The Armchair Strategist
This column was submitted for the December issue but did not run at that time. It has been somewhat overtaken by events but is still interesting for its analysis of the military issues and as a lead-in to Mike's January column. --Jonathan Wallace
No, it is not what you have been told. The reader has been deluged with trite comparisons of this "new and different kind of war" to America's experience in Vietnam without clarity. The easy comparison to Vietnam is the (constant) reappearance of the ever-lurking "Vietnam Syndrome," that enervating reluctance to shed American blood on battlefields for whatever purpose, and the desperate dread of a new "quagmire" in Afghanistan that lasts for more than the undetermined "X" amount of days/months/years/decades. The first of these invocations of the past is correct, the latter is quite incorrect, however, what is truly missing are the more vital and critical similarities and dissimilarities of the Vietnam experience. The major similarity of the current military campaign in Afghanistan to that of Vietnam is the most recent recurrence of that military virus called "incrementalism." The major dissimilarity to Vietnam is the lack of geopolitical constraints facing America. To better understand these factors, requires understanding some basic terms and concepts of Clausewitzian war theory.
The major error characterizing the current military campaign in Afghanistan are the incremental efforts being made to destroy the enemy, that is to say, to prevail over the Taliban and its symbiosis, al-Qaeda. It is generally recognized that it is preferable to conduct offensive operations against an enemy in order to win a war, rather than defensive ones. The Allies are conducting just such an offensive military campaign in Afghanistan, despite the latest attacks that have given rise to the current campaign having taken place in the continental United States on September 11th. While overall, the war itself might be characterized as defensive, against the terrorists, the military campaign in Afghanistan is strictly offensive. Clausewitz elaborates two concepts of war that pertain critically to offensive military campaigns. The concepts of "center-of- gravity" and of "adequate forces" apply to all aspects of warfare, but since the side conducting offensive operations expects some concrete military and therefore political results, the burden for ascertaining the enemy's "center-of- gravity" and then applying "adequate forces" to it, belongs to them. These two concepts are contingently linked.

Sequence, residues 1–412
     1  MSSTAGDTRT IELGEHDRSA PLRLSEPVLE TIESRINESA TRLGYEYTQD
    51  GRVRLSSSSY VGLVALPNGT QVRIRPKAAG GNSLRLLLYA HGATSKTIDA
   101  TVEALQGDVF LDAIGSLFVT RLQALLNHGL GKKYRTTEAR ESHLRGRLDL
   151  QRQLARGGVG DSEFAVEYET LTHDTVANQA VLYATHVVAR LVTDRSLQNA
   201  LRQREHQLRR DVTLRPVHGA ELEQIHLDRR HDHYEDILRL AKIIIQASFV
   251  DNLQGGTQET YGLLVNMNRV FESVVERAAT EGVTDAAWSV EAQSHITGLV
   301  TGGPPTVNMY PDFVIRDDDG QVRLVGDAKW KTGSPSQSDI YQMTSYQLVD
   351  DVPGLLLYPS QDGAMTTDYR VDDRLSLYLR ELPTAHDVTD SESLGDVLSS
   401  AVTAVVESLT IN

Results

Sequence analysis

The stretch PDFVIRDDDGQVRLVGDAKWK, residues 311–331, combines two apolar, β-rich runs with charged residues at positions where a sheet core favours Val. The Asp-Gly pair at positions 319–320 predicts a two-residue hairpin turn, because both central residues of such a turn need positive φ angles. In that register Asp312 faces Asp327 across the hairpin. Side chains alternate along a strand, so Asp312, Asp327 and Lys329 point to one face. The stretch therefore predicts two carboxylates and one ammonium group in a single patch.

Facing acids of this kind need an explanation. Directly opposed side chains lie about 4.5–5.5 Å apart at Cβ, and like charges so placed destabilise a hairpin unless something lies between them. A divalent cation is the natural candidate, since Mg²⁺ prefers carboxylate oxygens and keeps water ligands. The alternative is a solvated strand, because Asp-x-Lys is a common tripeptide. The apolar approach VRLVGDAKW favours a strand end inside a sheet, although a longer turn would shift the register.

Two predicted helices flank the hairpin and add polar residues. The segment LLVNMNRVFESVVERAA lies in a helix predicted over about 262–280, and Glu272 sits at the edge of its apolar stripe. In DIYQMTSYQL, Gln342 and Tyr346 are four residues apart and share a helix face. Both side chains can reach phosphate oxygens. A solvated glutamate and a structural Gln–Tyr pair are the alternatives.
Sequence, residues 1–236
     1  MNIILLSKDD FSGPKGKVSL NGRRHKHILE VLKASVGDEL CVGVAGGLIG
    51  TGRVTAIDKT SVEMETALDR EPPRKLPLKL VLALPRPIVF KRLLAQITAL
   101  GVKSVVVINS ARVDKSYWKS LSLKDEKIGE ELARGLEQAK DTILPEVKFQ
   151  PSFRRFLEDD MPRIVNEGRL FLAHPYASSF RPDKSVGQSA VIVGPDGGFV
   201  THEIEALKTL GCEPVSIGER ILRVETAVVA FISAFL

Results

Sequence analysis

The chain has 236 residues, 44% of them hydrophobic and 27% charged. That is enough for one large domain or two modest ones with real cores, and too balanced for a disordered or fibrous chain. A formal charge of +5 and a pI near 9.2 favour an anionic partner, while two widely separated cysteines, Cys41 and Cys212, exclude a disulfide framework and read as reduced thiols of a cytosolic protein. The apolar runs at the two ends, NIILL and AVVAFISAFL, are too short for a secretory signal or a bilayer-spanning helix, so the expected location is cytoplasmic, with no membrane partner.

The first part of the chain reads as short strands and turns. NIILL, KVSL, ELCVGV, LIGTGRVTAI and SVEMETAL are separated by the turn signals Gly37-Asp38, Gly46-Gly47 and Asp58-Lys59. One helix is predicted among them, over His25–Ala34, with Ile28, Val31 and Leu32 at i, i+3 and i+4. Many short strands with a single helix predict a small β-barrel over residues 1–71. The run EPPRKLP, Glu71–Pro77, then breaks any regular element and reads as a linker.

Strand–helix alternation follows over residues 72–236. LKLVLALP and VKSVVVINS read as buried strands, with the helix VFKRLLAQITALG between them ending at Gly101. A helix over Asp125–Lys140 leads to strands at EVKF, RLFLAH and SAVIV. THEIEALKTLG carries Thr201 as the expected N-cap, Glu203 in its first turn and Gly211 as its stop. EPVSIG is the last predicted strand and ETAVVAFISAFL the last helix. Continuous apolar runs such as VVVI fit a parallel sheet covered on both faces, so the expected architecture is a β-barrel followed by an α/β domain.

Clausewitz defines "center-of-gravity" as "the hub of all power and movement, on which everything depends--that is the point against which all our energies should be directed." Centers-of-gravity can be thought of as the heart of the enemy strength. Often, the enemy will have multiple areas of strength, distributed across the military and political spectrum. These areas of strength can be allies, finances, natural and human resources, time, terrain, popular support, the list goes on. However, the critical area will be that which outstrips all others in importance, that area that when deprived of, the enemy cannot possibly obtain their objectives. This critical area is known as the "center-of- gravity." The concept of "center-of-gravity" is analogous to the concept in logic of a "necessary condition." A "necessary condition" is "a condition A whose non- existence prevents condition B." Often, ascertaining the center-of-gravity is very difficult, and it often can and does change. In the Vietnam War, America's center-of-gravity eventually turned out to be public support for the war effort, which only came to the fore after a long and fruitless military effort had failed to destroy the communist "insurgency," which, of course, was actually a civil and colonial war wrapped in Cold War ideology and geopolitical fog. In the war against the terrorists, their precise center-of-gravity has yet to be determined.